Pros: Best wok for Western Stoves
Cons: On the heavy side
I'm actually reviewing the wood handled variant of this wok, but that one only shows up in the list as part of a set. I picked up mine at a Kroger franchised grocer, but I've seen this particular plastic handled wok at Walmart and know that the wok itself is the same as the wood handled version. Target sells the wood handled version in a non-stick coating, but I don't recommend non-stick for woks.
And mine all seasoned and used.
Notice that my wok has the 4 rivet handle like the plastic handled version shown here. Since I bought mine, IMUSA has switched to a 2 rivet connection as shown in their picture. I don't think that is a significant change as the ones I've handled in-store seem just as good as this version.
For western stoves, a flat bottomed wok is a good design as it handles properly on the flat cooktops we use. Getting the right balance between rigidity of the metal and weight is one of common flaws in inexpensive carbon steel woks. The usual test for this is to press the sides of the wok together in your hands and check how much it flexes. This wok flexes only a bit showing the thickness of the steel is just right. The wood handles add some weight compared to the plastic variety, but the wood is nicer.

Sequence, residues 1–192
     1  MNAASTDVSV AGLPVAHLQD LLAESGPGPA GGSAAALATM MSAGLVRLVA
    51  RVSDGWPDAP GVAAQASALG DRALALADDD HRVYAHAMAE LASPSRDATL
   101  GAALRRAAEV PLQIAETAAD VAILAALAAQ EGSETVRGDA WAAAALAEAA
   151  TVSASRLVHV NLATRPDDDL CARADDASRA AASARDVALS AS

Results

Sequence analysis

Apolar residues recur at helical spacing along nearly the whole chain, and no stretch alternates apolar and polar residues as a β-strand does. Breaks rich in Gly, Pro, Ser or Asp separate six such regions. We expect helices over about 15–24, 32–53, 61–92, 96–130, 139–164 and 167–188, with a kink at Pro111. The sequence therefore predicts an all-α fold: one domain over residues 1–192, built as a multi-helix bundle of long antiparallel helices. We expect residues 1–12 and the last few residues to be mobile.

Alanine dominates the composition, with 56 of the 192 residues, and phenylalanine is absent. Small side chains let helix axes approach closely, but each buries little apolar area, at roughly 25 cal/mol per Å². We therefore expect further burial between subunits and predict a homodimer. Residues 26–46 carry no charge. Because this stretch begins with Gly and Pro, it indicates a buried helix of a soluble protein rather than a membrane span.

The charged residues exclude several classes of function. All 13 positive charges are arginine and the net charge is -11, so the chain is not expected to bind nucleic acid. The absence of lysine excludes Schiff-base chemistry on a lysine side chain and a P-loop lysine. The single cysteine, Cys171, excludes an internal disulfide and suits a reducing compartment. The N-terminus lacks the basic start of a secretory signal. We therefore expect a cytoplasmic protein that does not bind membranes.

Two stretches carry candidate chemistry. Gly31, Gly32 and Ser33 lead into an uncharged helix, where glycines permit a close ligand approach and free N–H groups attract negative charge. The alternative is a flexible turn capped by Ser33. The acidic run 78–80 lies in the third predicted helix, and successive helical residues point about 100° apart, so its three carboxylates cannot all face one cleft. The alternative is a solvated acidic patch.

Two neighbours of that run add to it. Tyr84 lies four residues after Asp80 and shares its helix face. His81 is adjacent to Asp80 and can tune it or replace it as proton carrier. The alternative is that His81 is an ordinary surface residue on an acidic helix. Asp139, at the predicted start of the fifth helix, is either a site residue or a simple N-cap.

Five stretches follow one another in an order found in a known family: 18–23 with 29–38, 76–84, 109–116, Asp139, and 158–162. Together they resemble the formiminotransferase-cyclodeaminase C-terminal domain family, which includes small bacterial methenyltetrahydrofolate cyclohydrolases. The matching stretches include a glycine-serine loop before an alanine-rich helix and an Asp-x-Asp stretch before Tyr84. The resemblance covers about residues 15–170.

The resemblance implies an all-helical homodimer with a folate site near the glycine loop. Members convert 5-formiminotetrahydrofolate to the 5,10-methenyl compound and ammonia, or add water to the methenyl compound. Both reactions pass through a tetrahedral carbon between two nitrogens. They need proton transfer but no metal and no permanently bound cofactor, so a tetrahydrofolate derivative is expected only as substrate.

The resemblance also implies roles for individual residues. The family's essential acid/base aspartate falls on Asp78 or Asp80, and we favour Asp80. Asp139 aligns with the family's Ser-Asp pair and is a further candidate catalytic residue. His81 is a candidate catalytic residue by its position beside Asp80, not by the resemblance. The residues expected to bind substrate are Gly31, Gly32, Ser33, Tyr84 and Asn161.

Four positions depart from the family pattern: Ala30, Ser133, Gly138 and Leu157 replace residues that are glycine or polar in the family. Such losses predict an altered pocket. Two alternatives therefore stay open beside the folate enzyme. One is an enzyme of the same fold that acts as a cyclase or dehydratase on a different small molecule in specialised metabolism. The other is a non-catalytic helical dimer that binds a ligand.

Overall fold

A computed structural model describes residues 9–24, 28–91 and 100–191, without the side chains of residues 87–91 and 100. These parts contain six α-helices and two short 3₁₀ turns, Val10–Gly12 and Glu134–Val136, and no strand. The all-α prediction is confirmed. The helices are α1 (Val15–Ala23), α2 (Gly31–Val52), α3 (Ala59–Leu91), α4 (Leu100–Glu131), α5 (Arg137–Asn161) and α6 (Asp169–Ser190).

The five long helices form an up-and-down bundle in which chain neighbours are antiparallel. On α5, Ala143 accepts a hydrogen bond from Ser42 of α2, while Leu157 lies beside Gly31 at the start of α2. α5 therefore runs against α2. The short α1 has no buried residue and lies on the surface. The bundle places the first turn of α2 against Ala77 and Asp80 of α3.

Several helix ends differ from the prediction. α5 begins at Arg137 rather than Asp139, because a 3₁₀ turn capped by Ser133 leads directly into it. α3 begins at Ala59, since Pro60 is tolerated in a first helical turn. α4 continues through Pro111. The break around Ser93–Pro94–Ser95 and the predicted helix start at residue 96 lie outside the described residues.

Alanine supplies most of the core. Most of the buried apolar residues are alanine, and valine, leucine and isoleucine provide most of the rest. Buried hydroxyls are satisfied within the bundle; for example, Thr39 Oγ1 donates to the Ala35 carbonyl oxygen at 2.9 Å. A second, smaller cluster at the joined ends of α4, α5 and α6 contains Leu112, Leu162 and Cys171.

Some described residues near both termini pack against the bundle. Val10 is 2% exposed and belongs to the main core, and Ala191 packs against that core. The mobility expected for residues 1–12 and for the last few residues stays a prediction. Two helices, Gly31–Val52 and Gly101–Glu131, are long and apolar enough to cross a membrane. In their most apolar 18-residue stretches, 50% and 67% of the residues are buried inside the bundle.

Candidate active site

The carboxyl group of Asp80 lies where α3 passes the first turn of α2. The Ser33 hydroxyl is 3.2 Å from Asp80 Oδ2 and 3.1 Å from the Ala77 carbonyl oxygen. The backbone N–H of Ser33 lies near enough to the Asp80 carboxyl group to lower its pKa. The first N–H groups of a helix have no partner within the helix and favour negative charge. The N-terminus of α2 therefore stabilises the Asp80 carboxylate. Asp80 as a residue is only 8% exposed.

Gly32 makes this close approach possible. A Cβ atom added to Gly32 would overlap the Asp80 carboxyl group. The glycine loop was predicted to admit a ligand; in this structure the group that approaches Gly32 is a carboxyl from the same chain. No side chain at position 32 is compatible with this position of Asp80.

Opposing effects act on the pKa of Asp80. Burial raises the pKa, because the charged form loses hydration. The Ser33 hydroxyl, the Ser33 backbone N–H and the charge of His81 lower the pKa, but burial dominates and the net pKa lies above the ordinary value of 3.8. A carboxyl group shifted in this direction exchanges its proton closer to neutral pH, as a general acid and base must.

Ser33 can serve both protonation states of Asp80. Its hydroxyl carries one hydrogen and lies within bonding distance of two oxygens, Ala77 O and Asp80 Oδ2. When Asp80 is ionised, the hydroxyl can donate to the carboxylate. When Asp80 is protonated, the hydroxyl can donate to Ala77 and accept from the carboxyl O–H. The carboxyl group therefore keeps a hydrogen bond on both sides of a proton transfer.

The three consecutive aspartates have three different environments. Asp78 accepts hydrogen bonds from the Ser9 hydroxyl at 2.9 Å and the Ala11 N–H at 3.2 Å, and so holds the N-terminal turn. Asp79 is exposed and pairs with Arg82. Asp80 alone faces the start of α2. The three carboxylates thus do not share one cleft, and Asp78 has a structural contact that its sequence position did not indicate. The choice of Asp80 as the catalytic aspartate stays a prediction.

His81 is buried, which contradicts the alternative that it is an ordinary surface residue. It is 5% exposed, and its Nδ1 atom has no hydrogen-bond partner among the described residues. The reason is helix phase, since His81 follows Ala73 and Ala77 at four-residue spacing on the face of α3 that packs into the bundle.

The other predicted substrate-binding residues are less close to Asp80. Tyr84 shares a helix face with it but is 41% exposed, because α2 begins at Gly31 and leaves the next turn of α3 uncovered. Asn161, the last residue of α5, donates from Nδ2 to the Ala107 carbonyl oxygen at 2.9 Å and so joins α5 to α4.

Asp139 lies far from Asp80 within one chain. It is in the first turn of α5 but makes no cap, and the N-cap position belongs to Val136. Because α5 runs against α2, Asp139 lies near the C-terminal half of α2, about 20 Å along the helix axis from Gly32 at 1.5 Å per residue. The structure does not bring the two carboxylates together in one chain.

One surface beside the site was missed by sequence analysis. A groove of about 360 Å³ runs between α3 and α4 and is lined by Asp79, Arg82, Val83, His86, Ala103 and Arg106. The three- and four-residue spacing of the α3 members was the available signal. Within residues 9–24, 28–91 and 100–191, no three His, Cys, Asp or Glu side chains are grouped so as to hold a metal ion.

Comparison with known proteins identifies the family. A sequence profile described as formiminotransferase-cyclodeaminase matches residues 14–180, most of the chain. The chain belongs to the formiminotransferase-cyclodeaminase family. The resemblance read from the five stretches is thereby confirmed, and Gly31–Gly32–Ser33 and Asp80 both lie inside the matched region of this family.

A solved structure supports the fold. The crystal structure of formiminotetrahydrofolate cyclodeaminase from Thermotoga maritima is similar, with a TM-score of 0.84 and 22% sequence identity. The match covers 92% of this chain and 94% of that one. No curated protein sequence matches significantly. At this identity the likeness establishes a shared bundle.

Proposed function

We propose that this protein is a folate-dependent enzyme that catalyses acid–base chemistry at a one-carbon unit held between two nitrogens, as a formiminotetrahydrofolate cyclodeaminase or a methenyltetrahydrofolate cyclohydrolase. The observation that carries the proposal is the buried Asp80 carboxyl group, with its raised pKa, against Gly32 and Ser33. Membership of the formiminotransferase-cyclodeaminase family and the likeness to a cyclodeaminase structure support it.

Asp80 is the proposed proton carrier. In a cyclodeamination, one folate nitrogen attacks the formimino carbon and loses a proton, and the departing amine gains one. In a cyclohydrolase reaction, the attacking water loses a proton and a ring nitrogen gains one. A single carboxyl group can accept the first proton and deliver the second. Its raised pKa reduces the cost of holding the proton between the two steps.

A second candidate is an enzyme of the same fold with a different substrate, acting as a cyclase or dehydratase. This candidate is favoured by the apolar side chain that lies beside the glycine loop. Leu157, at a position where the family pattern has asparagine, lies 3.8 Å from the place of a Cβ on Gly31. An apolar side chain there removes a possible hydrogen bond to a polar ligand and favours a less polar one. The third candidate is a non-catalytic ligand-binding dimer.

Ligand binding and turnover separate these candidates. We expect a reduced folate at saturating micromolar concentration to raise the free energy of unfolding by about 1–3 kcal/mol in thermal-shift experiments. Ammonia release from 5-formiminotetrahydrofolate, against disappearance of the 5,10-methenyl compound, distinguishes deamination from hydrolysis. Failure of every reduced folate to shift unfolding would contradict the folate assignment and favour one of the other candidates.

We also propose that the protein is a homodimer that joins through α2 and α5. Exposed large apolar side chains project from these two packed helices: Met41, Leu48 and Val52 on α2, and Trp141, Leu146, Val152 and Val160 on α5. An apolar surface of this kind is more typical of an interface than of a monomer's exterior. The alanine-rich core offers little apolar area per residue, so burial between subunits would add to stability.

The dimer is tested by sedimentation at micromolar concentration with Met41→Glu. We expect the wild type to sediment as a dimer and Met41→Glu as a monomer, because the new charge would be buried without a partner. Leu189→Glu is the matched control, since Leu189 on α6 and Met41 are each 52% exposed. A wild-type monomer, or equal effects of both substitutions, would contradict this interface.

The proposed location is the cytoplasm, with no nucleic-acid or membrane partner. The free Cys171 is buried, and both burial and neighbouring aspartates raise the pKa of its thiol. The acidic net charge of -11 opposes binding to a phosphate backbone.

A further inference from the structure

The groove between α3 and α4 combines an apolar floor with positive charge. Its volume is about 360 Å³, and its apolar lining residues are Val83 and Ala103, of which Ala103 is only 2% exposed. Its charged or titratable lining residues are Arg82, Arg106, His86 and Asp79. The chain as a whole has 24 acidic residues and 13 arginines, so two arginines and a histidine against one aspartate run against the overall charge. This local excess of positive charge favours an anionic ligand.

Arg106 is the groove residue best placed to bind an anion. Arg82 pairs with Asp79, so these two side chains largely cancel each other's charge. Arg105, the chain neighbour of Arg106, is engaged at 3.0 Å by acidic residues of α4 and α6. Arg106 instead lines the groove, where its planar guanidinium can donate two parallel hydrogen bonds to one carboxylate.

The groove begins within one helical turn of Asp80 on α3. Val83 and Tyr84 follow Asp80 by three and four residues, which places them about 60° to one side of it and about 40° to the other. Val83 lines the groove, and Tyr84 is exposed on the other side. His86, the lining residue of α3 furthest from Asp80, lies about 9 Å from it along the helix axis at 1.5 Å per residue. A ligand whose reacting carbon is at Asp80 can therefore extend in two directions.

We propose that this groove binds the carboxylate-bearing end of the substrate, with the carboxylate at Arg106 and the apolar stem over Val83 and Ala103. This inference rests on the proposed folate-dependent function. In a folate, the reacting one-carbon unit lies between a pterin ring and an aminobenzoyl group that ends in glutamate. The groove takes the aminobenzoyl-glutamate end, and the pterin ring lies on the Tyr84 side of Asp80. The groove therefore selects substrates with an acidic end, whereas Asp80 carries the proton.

Woks are often available in even thinner guages of steel but they tend to scorch food and cook poorly.
The Amazon reviews indicate that this wok rusts. Well, all carbon steel rusts quickly so you have to season it and care for it properly. It will come with a rust protectant coating so you have to scrub that off before seasoning. This wok takes seasoning readily and was easy to season. As you tilt the wok to season the sides more, take care to not scorch the wood helper handle or melt the plastic helper handle depending which version you select.
I cook in this wok on an induction hob. So there isn't much if any heat licking up the sides of the wok. So some of the seasoning in the bowl of the wok has worn off there. It's easy to restore over gas or on the induction burner with the wok empty. On induction, the bottom is a little more prone to rust in my experience than over gas heat. Probably due to less air flow when cooling down after use. So do check the bottom for rust now and then.
All flat bottom woks will "pop" at some point in my experience. The flat bottom expands every time you heat it. So it tries to become a bit more bowl shaped to allow for that expansion and contraction. You'll notice that the wok doesn't sit quite flat anymore, especially on a flat top hob compared to a gas grate. Flip the wok over and hammer on the high spots to flatten it back out.
Maintaining the seasoning and shape of your carbon steel wok is all part of true wok ownership. I own 7 different woks and this one is the one I use most.